This section describes how to use the Entity Data Model wizard to create the .edmx file and execute queries.
Install and Set Up Entity Framework
Install Entity Framework or add references to the required assemblies for your chosen version of Entity Framework. The assemblies are located in the lib subfolder of the installation directory. See Using EF 6 for using Entity Framework 6 (EF6). See Installed Assemblies for more information about all assemblies shipped with the provider
Add a Data Connection in Server Explorer
Before you can create an Entity Data Model, you will need to create a data connection. To do this,
- Navigate to Server Explorer -> right click "Data Connections" -> Add Connection...
- Click the Change button beside the Data Source box.
- Select CData Azure Data Lake Storage Data Source, then click OK.
- Configure your connection settings, then click OK.
Add a New Item To Your Project
In the Visual Studio Solution Explorer, right-click your project and click Add > New Item.
Create an ADO.NET Entity Data Model
In the resulting Add New Item dialog, click ADO.NET Entity Data Model and enter an appropriate title, such as "ADLSEntityDataModel.edmx".
Use the Entity Data Model Wizard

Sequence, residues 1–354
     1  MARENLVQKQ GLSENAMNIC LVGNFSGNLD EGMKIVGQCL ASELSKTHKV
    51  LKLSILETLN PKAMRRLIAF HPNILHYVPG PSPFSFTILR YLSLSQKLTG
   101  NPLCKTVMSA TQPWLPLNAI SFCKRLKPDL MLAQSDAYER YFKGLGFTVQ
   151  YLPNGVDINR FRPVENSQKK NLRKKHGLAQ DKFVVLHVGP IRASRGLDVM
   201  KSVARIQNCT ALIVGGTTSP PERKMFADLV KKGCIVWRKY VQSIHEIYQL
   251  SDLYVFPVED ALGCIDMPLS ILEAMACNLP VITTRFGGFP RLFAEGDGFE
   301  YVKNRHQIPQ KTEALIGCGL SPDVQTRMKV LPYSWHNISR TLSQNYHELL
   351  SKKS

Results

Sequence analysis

Complete the following steps to create the .edmx file with the Entity Data Model wizard:
- On the first page, select Generate from database.
- On the next page, select the data provider connection you want to use with your project or create a new connection.
Set the CacheLocation and CacheMetadata connection properties to cache table metadata. Setting these connection properties is necessary to make generating the Entity Framework model more efficient. To learn about this process, see Caching Metadata.
- Select whether to include sensitive data (such as passwords) in the connection string. Note that the option to exclude sensitive data means password fields are not copied to the generated config file with the rest of the connection string properties.
- Select the box to save the entity connection settings in App.Config, and enter a name for the context class of the data connection; for example, "ADLSEntities".
After Visual Studio retrieves the necessary information from the live data source, the wizard presents a listing of database objects you can include in your project. Note that this step may take several minutes as Visual Studio retrieves table schemas from Azure Data Lake Storage.
Perform LINQ Commands in Your Code
You are now ready to start using LINQ in your code.
ADLSEntities context = new ADLSEntities(); var ResourcesQuery = from Resources in context.Resources orderby Resources.Permission select Resources;
Note: Be sure to declare "using System.Linq" in your file.